Supporting Scientific Discovery
This Giving Tuesday, Jacqueline Bresnahan, ’68, Ph.D., is contributing matching funds for the Brain Health Research Institute’s Undergraduate Fellows Program in honor of the most influential mentor in her life, her mother. Since Jacqueline’s mother Elaine Bresnahan, Ph.D., passed away in the early 1990s, Jacqueline has been moved to celebrate her memory and love of science by helping others pursue scientific discovery. Giving Tuesday offered a great opportunity to honor her mother’s mentorship at the place they both got their start, Kent State University.
“I think that it’s important to have role models, and my mom was an incredible role model for me and many others,” said Jacqueline. “She was interested in helping people get lab experience and training as undergraduates to facilitate their movement into graduate school.”
The Undergraduate Fellows Program is an immersive program for first-year and second-year students who are interested in pursuing a career in neuroscience research, education, healthcare or related areas. Fellows are provided with mentored, research-intensive experiences in neuroscience, as well as skills training and career development support. This fellowship sparked Jacqueline’s interest because of the impact her mom’s mentorship and training made on her while they were both studying at Kent State.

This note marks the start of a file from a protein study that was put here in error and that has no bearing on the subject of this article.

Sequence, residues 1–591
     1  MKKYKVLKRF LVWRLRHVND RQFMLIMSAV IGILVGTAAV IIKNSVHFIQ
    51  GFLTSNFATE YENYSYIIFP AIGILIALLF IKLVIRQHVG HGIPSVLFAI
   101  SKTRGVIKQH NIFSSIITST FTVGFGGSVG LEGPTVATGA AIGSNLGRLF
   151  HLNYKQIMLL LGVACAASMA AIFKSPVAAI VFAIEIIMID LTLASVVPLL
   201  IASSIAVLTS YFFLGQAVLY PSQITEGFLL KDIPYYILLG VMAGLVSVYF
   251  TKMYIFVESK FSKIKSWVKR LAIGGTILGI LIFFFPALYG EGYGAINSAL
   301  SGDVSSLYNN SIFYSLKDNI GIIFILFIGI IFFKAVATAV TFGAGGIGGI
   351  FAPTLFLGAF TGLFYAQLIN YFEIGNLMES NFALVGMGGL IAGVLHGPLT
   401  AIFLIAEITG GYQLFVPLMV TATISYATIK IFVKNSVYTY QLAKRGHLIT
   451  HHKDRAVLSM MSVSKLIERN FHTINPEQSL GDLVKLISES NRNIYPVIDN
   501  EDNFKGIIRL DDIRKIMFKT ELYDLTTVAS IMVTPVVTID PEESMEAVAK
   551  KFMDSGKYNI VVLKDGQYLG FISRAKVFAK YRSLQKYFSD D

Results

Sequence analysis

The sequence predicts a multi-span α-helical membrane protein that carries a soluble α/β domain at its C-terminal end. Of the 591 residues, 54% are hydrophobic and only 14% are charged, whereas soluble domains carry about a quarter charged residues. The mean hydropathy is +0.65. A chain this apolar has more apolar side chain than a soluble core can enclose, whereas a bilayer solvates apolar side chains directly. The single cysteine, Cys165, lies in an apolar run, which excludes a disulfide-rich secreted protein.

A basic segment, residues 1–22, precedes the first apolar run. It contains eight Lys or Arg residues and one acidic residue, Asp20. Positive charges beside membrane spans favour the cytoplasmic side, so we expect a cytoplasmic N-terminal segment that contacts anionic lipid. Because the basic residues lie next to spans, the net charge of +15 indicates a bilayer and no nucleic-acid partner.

“Science is discovery,” Jacqueline said. “It’s an incredible job to have. If you have good lab training, you will have a much better chance of getting into graduate school and succeeding once you’re there.”
Like her mother, Jacqueline’s love for psychology and passion for science led her down the path of research and academia. After completing her doctorate in psychology at The Ohio State University, she served as a professor in neurobiology and neuroscience from 1999-2006 and associate dean for basic research from 2001-06. She is currently a professor of neurological surgery at the Brain and Spinal Injury Center at the University of California, San Francisco.
“Science is discovery,” Jacqueline said. “It’s an incredible job to have. If you have good lab training, you will have a much better chance of getting into graduate school and succeeding once you’re there.” This Giving Tuesday, Jacqueline is shining her light on scientific research to help future scientists develop the skills they need to succeed in their careers.